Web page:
- Associated Press - Sunday, April 9, 2017

WAYNE, N.J. (AP) - Mikey is a big, strapping 19-year-old who can pound a punching bag, but is also nimble enough to skip rope without missing a beat. He has a learning disability, but give him a command to throw a left hook or a right jab, and Mikey follows like a champion boxer.

Adriana cannot verbalize and needs a walker to get around, but she’s a bright student who works out regularly. On top of that, she skis.

With the help of an innovative physical education class at William Paterson University, Mikey and Adriana are getting good workouts and living healthier, more integrated lives. Both are students at Wayne Hills High School, and twice a week they come to the William Paterson campus for the kind of specialized, one-on-one instruction that can make a huge difference in the lives of people with disabilities.

Students who might have trouble walking - or talking - are at an obvious disadvantage in mainstream gym classes, where the emphasis is on physical activity. The student who for whatever reason isn’t limber or can’t communicate invariably will feel left out.

“They exist in kind of a bubble,” Dr. Mike Laughlin told The Record (https://njersy.co/2nUnW8R). He’s a physical education professor who directs the Young Adult Transition Program, which was founded two years ago.

Special needs students are frequently older than their peers in traditional high school settings, and that tends to isolate them even more, Laughlin said.

The program pairs these students, ranging in age from 18 to 21, with physical education students from William Paterson who are closer to their age group. “Being around their more typical peers is a big part of this,” Laughlin said. “The socialization aspect is very important.”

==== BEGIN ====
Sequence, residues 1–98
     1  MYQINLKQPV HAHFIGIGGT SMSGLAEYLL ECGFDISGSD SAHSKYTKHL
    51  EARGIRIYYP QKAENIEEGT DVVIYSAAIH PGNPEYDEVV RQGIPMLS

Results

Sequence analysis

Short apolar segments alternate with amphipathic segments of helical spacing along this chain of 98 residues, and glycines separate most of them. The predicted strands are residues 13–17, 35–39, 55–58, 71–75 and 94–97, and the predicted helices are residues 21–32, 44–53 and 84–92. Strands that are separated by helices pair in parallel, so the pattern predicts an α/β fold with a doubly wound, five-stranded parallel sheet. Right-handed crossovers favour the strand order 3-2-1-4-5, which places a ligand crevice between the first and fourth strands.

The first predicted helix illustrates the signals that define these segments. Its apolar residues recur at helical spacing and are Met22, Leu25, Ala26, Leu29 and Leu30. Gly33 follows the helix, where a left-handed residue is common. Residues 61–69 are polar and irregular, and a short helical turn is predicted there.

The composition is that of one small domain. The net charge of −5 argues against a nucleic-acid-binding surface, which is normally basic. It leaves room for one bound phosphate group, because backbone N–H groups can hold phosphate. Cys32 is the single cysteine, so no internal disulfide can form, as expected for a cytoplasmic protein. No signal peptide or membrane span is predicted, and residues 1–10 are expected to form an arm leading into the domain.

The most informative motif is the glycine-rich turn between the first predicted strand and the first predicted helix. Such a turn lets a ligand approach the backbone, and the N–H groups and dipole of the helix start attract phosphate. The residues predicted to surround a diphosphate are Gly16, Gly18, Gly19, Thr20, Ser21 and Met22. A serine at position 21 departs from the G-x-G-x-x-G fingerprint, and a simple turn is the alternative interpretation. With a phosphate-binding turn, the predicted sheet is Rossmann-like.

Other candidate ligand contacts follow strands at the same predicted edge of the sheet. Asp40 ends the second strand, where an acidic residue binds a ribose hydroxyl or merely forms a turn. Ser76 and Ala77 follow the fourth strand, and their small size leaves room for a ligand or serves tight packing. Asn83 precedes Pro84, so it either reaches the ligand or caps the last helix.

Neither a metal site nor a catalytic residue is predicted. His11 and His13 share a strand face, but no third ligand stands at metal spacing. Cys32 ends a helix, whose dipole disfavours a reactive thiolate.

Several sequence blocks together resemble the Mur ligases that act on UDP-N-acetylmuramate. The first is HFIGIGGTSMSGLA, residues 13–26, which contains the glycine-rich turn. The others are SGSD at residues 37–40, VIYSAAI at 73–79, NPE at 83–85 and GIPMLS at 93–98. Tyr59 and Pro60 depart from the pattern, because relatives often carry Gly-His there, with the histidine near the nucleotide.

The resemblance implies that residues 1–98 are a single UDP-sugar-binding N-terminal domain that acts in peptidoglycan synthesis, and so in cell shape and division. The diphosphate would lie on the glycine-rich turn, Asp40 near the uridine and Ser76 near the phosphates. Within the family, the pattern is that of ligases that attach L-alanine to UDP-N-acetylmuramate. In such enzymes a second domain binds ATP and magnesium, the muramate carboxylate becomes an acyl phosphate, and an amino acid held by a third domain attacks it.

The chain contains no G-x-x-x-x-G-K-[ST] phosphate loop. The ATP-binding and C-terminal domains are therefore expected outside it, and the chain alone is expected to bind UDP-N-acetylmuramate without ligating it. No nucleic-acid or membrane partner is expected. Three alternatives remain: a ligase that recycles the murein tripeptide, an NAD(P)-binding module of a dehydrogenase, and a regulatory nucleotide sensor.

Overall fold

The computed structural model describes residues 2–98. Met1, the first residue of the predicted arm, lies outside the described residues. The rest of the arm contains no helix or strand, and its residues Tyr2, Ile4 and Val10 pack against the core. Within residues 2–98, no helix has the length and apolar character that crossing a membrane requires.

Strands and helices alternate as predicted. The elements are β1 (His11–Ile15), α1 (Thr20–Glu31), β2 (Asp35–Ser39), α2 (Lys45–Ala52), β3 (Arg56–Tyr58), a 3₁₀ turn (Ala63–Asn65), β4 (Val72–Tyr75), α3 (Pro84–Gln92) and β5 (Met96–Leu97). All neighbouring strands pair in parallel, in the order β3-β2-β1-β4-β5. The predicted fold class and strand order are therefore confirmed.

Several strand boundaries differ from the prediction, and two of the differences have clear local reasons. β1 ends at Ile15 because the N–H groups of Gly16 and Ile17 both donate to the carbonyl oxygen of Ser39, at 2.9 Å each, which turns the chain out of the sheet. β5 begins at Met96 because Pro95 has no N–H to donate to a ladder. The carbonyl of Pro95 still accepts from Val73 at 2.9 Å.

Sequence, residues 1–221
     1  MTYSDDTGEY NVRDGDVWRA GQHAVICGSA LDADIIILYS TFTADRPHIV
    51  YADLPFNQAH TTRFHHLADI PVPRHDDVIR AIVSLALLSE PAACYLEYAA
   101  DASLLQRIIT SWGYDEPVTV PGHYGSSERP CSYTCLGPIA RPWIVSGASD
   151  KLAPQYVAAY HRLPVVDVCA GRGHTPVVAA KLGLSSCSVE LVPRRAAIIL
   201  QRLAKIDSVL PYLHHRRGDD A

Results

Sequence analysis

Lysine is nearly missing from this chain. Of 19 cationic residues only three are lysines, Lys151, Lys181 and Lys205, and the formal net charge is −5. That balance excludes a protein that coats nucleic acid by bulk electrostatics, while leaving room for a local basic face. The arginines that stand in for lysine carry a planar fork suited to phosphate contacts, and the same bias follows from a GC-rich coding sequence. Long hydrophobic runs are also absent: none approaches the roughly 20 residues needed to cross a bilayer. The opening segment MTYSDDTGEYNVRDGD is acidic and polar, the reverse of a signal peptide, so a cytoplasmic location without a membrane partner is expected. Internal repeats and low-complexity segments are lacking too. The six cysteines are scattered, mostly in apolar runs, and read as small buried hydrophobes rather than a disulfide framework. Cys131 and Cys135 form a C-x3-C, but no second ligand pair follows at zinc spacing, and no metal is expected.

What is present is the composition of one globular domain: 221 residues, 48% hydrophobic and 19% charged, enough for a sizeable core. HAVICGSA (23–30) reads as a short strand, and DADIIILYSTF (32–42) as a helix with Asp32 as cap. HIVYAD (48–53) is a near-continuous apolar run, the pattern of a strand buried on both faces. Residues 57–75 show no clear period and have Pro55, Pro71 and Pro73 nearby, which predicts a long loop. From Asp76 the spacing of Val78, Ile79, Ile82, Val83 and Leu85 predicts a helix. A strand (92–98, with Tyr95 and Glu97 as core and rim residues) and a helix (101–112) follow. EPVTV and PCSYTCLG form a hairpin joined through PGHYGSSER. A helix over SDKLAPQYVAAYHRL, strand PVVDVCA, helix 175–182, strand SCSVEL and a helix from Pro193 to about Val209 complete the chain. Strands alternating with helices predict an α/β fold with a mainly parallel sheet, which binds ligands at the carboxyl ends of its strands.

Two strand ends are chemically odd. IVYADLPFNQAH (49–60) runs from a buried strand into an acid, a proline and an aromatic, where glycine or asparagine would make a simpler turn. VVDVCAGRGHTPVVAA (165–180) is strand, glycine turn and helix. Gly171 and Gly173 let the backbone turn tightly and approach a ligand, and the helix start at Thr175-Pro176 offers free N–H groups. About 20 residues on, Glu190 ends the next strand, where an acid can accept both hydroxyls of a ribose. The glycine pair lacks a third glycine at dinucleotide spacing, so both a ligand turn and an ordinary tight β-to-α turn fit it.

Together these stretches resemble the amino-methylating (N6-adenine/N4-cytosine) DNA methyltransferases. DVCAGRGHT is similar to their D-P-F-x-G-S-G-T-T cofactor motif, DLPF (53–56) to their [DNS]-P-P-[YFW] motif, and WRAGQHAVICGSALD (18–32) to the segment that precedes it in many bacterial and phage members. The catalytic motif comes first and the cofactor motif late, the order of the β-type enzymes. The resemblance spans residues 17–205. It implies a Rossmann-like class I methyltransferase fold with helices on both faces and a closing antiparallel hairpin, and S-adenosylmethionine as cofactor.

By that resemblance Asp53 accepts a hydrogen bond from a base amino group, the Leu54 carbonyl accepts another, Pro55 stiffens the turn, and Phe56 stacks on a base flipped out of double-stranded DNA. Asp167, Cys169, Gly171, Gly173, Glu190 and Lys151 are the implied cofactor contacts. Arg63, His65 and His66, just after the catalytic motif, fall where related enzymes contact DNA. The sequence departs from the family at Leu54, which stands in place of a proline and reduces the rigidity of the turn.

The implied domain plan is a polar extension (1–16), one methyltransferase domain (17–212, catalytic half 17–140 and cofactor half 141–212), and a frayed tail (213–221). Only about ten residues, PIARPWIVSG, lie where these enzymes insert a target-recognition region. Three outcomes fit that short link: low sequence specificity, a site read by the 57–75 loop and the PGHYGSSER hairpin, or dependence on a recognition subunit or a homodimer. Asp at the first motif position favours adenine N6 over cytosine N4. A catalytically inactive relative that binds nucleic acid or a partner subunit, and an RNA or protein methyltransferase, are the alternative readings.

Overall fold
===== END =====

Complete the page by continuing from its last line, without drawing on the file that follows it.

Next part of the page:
The ultimate goal is for these special-needs students to create lasting friendships, and break through the isolation that afflicts so many people with disabilities. “The hope is that one day, a student will be in ShopRite and see someone they know from William Paterson,” said Mike Reinknecht, the director of student support services for the Wayne school district.

Twice a week, a bus arrives on the William Paterson campus with seven students from the Wayne public schools. Each special needs student has an Individualized Educational Plan (IEP) that describes his or her disability and the strategy to deal with it. For an hour, the students work out with phys ed or exercise science majors who provide the one-on-one instruction - and inspiration.

During a recent session, WPU students Chris Seely and John Borges took Mikey through his workout, first lifting dumbbells with him in the weight room, then holding the punching bag as the kid pounded the leather. “Left. Right. Left. Right,” Seely commanded. There were high fives all around as Mikey finished, his hands raised over his head as if he’d just knocked another fighter out.

Then it was on to skipping rope, with the three men jumping in unison. Except for a brief pause to catch his breath, Mikey was clearly pumped.

“I hope he walks away from this saying, ‘I want to go to the gym’ or ‘I want go jogging,’ ” Borges said.

Meanwhile, on the basketball court upstairs, Adriana’s team was lifting her out of wheelchair and into a walker. They set up a series of orange cones and plastic hoops on the basketball court. It was Adriana’s task to maneuver her walker and pluck off a plastic object atop each cone. Then she picked the plastic hoops off the floor.

The point of the exercise, Laughlin said, was to improve Adriana’s manual dexterity. Improving her ability to reach for and grasp objects would be a big help to her, a practical skill that could improve her life immeasurably, he said. From there, Adriana hit the weight room, using a machine to do leg presses, and to strengthen her abdominal core.

At the back of the gym stood Taylor Iraggi, a WPU student who has been working with the program since it began. Iraggi said she found her calling working with people with disabilities.

“There were some students who could not walk a straight line when they got here,” she said. “But I’ve seen them improve. I’ve seen them not get discouraged. They are like family.”





Information from: The Record (Woodland Park, N.J.), https://www.northjersey.com

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